Those fascinated by the architecture of the original Monastery of Sis will no doubt find the three pure silver chandeliers ­ broader than hoopskirts and dismantled in Cilicia piece by piece and carted away ­ to be masterpieces not only on artistry, but of human perseverance.

For medievalists, the second floor showcases the finest of the museum's 230 numbered medieval manuscripts. The oldest of them date from the ninth and 10th centuries, and those from later centuries are opened to pages revealing extraordinary miniatures. The facial details vary in technique and color according to the region and influence of their origin. The variety of influence exhibited in these manuscripts is a testament to the depth of the medieval Armenian tradition.

Those with a critical eye may appreciate the repetition of the color red ­ the red pigment was extracted from worms that thrived only in Armenia.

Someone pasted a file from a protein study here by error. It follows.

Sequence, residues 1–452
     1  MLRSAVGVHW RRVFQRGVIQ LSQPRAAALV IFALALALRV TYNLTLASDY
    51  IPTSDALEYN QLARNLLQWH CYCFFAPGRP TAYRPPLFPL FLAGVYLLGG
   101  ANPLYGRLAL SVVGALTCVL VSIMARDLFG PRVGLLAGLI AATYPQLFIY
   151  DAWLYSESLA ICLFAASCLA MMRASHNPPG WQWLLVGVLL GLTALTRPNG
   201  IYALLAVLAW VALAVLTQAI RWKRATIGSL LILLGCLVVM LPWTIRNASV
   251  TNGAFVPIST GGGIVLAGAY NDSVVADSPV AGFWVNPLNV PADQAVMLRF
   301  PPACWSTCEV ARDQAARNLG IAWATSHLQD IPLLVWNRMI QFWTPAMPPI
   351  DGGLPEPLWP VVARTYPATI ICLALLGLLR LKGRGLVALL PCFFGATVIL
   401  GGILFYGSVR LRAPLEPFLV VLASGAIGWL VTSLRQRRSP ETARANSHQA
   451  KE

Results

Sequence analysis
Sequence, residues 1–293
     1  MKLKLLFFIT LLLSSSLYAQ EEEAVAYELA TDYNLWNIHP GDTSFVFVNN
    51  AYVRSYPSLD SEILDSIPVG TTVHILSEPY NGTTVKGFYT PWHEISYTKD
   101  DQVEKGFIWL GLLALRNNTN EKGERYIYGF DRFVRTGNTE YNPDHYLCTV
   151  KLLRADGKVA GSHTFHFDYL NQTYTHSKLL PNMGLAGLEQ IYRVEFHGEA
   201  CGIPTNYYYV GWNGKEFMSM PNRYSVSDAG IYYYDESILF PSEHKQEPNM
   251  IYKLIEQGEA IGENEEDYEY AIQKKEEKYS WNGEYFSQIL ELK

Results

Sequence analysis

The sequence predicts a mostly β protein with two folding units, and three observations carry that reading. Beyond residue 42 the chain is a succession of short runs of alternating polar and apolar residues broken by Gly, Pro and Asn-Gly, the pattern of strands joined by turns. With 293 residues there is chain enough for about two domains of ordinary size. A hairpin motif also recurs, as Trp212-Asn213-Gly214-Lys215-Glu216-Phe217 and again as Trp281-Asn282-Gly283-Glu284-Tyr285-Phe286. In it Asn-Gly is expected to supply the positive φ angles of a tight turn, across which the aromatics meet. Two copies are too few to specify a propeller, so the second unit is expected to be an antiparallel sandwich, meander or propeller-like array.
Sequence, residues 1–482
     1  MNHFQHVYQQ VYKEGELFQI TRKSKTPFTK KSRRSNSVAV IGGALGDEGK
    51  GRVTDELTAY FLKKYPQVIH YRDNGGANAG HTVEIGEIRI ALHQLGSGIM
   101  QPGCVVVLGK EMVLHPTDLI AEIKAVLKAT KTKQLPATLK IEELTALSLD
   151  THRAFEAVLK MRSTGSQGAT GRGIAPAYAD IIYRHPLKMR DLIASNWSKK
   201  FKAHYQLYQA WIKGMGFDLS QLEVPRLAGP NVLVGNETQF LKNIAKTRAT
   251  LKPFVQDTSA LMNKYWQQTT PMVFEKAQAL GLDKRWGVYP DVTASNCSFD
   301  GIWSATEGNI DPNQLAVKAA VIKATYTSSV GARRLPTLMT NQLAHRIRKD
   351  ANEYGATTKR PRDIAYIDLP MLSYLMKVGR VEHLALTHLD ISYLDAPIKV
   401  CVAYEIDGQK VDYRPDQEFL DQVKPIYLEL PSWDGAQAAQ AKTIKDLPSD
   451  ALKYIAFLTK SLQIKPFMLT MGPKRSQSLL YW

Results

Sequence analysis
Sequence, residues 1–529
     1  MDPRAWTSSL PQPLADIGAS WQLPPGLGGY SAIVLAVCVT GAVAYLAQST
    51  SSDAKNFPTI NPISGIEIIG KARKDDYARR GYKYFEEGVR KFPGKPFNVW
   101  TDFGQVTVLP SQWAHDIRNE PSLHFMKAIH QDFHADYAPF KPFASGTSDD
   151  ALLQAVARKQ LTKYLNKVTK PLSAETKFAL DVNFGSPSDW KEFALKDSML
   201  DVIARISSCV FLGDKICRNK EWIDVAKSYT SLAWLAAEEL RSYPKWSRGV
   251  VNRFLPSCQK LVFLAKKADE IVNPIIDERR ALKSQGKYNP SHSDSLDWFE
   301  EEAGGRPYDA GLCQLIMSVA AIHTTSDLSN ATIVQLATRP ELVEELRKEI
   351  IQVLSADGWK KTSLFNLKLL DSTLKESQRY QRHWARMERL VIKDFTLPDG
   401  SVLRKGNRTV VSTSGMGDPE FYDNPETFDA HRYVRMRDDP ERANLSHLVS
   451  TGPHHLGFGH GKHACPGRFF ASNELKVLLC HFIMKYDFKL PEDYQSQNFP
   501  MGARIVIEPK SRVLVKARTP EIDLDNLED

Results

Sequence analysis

For those with modern tastes, the third floor reveals a sizable collection of more-recent Armenian paintings from throughout the diaspora, the highlight being the 1884 oil painting The Ocean and the Boat by Russian-Armenian master Ivan Ayvazovski. Depicting a single boat lost on violent waters, it seems a sad premonition of Armenian history.

No matter when you show up, chances are high that you'll have the collection to yourself. Museum guide Annie Boghossian admits that only one fourth of the visitors to the Cilicia Museum are actually Lebanese, and that many who do visit hear about it only from friends who have visited from other countries.

This seems a shame. Not only is the collection extraordinary in its own right, but those who trudged through the desert with its contents deserve some form of homage. As Boghossian explains: `The museum … is symbolic of the survival of one life in another. Every single item is a witness to those days, to everything that has happened.'

The Armenian Museum is located at the Catholicosate of Cilicia in Antelias. It is open Tuesday to Saturday, 10am to 5pm and 10am to 1pm on Sunday. Admission is free. Call 04-410-001 or see